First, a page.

Greensburg zoning board changes course on electronic sign
Greensburg's city planner urged a board this week to reverse an earlier decision she made to deny an electronic billboard off Towne Square Drive.
Barbara Ciampini told the city's zoning hearing board on Wednesday to approve the replacement of a print billboard owned by developer John Wagner, of Wagner Outdoor Advertising, with the electronic one.
“That would be my recommendation: to overturn the denial,” Ciampini said.
The board unanimously approved the 11-by-22-foot facing for the billboard, which will be attached to the supports of the current print billboard in Greensburg Commerce Park.
Ciampini explained she originally denied the new billboard because drawings were not to scale and she believed the sign would flash.
The images on the new billboard typically will change every six to 10 seconds daily, said Woody Weissinger, project consultant.
The images dim based on available lighting, and no houses are within 1,500 feet of the billboard, attorney Scott Avolio said.
In addition to retailers, the billboard will offer Amber alerts, weather warnings and community announcements, Weissinger said.
Workers can manipulate pictures on the new billboard from their offices, rather than climbing up scaffolding to the older billboard to make changes, Weissinger said.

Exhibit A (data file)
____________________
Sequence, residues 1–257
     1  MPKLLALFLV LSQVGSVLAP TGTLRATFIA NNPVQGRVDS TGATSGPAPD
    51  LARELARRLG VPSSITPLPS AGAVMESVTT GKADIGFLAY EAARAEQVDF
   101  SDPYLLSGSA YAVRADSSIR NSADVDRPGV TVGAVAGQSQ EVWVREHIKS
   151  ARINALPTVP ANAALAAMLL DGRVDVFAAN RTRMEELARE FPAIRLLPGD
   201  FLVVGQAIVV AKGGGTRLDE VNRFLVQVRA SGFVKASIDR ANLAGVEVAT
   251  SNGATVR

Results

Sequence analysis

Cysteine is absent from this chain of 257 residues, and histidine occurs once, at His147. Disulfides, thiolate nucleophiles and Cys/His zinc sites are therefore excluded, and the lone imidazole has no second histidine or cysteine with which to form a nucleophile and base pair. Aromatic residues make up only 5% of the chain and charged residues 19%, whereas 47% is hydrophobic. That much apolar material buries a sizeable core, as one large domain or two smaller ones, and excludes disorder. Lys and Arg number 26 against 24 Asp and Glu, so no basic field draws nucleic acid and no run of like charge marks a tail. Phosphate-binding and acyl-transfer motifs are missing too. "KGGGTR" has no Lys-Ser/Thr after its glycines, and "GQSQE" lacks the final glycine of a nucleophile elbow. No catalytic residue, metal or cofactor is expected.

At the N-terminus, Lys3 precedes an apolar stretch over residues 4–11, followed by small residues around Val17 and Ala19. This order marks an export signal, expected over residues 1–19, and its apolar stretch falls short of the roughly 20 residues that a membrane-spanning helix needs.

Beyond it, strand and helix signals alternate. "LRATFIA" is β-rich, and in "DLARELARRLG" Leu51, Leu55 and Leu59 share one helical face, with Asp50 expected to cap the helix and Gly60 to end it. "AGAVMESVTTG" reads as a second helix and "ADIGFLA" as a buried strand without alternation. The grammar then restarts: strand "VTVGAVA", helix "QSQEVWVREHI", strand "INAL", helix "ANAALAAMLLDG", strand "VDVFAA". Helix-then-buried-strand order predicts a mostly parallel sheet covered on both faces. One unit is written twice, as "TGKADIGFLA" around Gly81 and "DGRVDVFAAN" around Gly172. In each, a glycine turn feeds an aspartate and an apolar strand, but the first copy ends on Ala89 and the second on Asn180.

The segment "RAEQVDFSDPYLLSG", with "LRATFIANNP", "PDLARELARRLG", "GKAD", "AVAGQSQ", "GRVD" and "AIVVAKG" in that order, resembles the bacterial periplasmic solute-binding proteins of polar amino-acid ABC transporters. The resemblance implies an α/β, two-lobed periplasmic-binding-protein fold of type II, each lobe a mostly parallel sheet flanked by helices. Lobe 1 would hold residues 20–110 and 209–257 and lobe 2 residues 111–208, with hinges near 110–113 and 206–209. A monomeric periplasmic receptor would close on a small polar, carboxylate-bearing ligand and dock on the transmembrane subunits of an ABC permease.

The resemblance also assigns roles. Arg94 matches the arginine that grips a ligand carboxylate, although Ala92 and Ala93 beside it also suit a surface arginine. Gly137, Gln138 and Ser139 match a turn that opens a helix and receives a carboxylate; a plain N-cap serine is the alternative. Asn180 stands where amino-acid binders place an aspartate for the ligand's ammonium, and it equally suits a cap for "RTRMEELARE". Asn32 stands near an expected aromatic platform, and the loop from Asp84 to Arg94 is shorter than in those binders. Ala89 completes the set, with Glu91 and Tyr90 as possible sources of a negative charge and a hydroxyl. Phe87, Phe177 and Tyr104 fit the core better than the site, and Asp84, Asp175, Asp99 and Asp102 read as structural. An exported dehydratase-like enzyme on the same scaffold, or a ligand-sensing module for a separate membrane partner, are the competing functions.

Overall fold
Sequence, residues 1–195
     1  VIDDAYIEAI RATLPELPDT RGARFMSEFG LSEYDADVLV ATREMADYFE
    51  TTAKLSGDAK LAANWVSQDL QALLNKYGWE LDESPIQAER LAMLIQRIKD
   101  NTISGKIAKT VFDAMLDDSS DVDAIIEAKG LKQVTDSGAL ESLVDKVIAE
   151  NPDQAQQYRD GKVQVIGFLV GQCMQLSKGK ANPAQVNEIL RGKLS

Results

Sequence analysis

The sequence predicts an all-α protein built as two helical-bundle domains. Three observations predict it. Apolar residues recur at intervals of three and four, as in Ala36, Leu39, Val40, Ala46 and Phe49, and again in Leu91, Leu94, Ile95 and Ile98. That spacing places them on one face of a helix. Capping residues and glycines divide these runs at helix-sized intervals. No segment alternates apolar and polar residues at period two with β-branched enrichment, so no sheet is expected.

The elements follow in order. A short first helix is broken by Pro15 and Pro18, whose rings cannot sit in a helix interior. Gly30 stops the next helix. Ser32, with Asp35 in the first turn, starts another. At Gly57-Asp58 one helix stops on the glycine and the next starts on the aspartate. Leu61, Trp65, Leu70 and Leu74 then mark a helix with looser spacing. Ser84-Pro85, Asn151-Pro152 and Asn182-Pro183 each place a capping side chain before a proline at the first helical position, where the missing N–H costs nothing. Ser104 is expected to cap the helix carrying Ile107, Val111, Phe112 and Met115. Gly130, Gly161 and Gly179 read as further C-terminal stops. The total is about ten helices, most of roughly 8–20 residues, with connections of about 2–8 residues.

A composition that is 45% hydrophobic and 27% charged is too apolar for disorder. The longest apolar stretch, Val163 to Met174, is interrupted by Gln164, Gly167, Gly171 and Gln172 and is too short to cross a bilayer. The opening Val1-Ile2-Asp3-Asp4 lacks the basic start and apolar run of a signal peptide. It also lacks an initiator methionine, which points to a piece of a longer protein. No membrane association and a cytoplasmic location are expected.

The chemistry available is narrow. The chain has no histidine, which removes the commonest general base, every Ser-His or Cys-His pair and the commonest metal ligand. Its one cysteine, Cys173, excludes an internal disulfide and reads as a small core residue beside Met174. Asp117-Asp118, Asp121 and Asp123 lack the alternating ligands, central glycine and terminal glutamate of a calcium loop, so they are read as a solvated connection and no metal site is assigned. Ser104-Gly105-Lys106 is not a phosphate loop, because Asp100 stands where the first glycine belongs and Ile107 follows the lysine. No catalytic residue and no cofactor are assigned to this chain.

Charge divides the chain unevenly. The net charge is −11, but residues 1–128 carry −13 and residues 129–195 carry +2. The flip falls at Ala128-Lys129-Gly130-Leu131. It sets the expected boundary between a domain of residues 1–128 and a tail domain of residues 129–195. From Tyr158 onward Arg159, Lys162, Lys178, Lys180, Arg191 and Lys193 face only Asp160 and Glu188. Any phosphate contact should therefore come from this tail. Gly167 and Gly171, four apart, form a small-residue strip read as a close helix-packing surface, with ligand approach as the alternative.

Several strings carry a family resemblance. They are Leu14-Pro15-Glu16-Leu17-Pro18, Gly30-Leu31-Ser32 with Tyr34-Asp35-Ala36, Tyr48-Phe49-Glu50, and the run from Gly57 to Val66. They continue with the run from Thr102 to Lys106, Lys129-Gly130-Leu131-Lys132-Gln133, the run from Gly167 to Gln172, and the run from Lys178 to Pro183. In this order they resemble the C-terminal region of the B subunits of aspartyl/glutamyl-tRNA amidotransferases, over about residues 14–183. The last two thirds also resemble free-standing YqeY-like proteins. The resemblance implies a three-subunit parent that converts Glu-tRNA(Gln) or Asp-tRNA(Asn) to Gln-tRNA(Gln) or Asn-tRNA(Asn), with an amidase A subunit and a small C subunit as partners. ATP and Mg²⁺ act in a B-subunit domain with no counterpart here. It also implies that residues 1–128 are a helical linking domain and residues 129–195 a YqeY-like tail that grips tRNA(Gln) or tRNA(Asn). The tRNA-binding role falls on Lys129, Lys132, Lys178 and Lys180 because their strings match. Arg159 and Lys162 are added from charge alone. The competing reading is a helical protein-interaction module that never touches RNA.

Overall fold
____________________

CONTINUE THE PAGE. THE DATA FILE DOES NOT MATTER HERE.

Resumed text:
The billboard will be seen daily by about 30,000 motorists using nearby Route 30, Avolio said.
Wagner said he hopes to have the new billboard in operation within six months.
In another matter, the board unanimously denied a variance — a special zoning approval — for a pergola Wendy and Paul Mica put up outside their North Maple Avenue home.
The property owners said they wanted the pergola mainly to use for their daughter's high school graduation party in a few weeks.
City zoning requires that structures be at least 10 feet from a neighbor's property line, unless special circumstances apply. The pergola was about 6 feet from a neighbor's property, according to testimony.
At first, some board members said they wanted to find a way for the couple to keep the pergola. But solicitor Lou DeRose cautioned that the law stops the board from granting a variance when the resulting hardship was created by the property owner.
In this case, the couple could have had a smaller pergola in the same area, testimony showed.
Granting a variance would create an unwanted precedent, Ciampini added.
“That's the concern of the city of Greensburg,” she said. “We feel bad. We're stuck in the legality of it.”
Had the couple come to her for a permit, Ciampini said, she could have explained regulations and avoided the need for them to tear down the pergola.
Wendy Mica said she didn't know a permit was needed to erect the structure.
Paul Mica asked the board to let him take down the structure during the summer.
Ciampini indicated that should not be a problem.
Bob Stiles is a staff writer for Trib Total Media.
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